Nor does she anticipate that Trump will do anything to impair corporations' capacity under trade agreements to sue governments for passing laws that interfere with their profitability.
In fact, she cites a Public Citizen analysis suggesting Trump will take the worst parts of the Trans-Pacific Partnership and add that to the North American Free Trade Agreement. And by voicing vague objections to trade treaties, Trump can make it appear as though he's standing up for the little guy.
"The crucial lesson of Brexit and of Trump's victory, is that leaders who are seen as representing the failed neoliberal status quo are no match for the demagogues and neo-fascists," Klein writes. "Only a bold and genuinely redistributive progressive agenda can offer real answers to inequality and the crises in democracy, while directing popular rage where it belongs: at those who have benefited so extravagantly from the auctioning off of public wealth; the polluting of land, air, and water; and the deregulation of the financial sphere."
In Canada, that genuinely redistributive progressive agenda is reflected in the Leap Manifesto, which Klein co-authored, and which is covered extensively near the end of her book.
One of the most vivid sections describes how Baghdad was divided into a safe green zone and a more perilous red zone under the U.S.-led governing authority in 2003 and 2004. The man in charge was U.S. diplomat Paul Bremer, a former consultant with Henry Kissinger's company, who ruled by issuing decrees.
This is how disaster capitalism functions in its purest form. But Klein explains in her new book how the green and red zone phenomenon is also arising in the United States and around the world in response to the threat of climate change.
She also prepares readers for how to counter the Trump administration when it inevitably tries to exploit a shocking incident, such as an act of terrorism, to advance its neofascist agenda.
Billionaires at the root of the crisis
Klein's previous book, This Changes Everything, advocated for a global movement to address climate change. She argued that it was a product of neoliberal capitalism and international trade agreements espoused by billionaire money managers and CEOs of the world's largest corporations.
One of the most compelling sections of This Changes Everything focused on how billionaires such as Richard Branson and Bill Gates were eagerly investigating geo-engineering to alter the climate.
Klein explained how this supposedly technological whiz-bang solution, which could involve seeding the upper atmosphere with aerosols, was fraught with risk. That's because it could easily alter precipitation patterns in the Global South, creating famines that could kill untold hundreds of millions or even billions.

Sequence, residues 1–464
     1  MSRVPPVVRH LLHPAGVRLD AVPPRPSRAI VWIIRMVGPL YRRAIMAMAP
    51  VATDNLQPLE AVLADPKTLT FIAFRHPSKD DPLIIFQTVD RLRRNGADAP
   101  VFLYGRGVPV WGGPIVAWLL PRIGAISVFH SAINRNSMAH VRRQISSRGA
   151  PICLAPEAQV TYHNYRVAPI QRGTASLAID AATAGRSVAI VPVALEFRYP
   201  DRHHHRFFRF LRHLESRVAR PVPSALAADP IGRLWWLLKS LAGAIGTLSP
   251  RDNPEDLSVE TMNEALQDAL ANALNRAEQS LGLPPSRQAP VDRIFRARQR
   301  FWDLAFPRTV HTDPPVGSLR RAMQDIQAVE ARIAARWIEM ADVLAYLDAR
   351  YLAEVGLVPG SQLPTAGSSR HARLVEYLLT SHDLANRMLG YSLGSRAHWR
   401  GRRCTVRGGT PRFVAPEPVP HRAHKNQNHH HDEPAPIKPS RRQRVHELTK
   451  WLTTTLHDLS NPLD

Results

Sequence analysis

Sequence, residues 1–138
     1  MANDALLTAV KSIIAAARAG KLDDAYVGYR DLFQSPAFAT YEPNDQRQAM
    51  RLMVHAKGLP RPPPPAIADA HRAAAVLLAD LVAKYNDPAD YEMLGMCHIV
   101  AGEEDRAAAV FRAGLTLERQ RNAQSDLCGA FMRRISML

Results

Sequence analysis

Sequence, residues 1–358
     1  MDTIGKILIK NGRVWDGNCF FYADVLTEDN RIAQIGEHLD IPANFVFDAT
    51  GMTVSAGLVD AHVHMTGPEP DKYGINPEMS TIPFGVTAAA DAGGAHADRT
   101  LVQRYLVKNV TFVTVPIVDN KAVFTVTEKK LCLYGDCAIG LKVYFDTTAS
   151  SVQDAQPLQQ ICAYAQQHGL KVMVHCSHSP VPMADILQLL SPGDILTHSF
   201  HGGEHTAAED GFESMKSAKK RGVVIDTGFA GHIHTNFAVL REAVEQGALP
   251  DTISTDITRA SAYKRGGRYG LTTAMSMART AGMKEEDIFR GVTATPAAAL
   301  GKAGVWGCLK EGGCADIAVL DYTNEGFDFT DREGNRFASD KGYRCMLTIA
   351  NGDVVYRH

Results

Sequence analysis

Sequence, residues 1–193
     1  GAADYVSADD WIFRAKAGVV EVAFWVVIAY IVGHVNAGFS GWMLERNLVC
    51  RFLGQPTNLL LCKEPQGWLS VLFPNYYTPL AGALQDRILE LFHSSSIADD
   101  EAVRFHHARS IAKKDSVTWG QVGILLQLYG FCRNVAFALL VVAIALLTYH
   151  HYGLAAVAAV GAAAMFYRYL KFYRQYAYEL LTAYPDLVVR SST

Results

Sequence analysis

Yet geo-engineering continues to be discussed seriously even though it would do nothing to counter the acidification of the oceans, which is disrupting the food chain.
So you can see why Klein harbours a deep suspicion of billionaire "saviours" that the media so frequently lionize. And she argues convincingly in No Is Not Enough that Bill and Hillary Clinton played a major role in expanding these philanthrocapitalists' influence in the 1990s.
Klein also points out that the so-called "Davos class" has been closely linked to the Clinton Foundation. Even now, you hear talk of billionaires like Oprah Winfrey, Mark Zuckerberg, and even Mark Cuban rising up to challenge Trump for the presidency.
Yet back in the 1990s, Klein notes, Gates was "widely regarded as a corporate villain, known for exploitative employment practices and for building what looked like a predatory software monopoloy".
"Trump's assertion that he knows how to fix America because he's rich is nothing short of an uncouth, vulgar echo of a dangerous idea we have been hearing for years: that Bill Gates can fix Africa. Or that Richard Branson and Michael Bloomberg can fix climate change," Klein writes.
It's thought-provoking stuff, and is all the more remarkable because this book was written in such a hurry. I highly recommend it to all those Hillary Clinton admirers truly curious to understand why the Sanders crowd had so much difficulty with their candidate.
At the same time, it's hard not to think of Naomi Klein herself as a brand that's been carefully cultivated over the years. Her unquestioning and frequent endorsements of activists often dismissed in their own countries has certainly added some lustre. And this new book is another extension of the Klein brand, offering protection from critics who haven't forgiven her for not doing more before the U.S. election to thwart Donald Trump.
Like Klein's other books, this one brims with ideas rarely heard in the mainstream media. And her fiery, punchy writing style, which is occasionally laced with humour, makes it hard to put down.
My only truly serious complaint about No Is Not Enough is that it doesn't include an index. This is a hallmark of books turned around quickly, even ones as well edited as this.
It's too bad because I would like to go back and re-read that section on Paul Bremer. But now I have to flip through all the pages to find it.More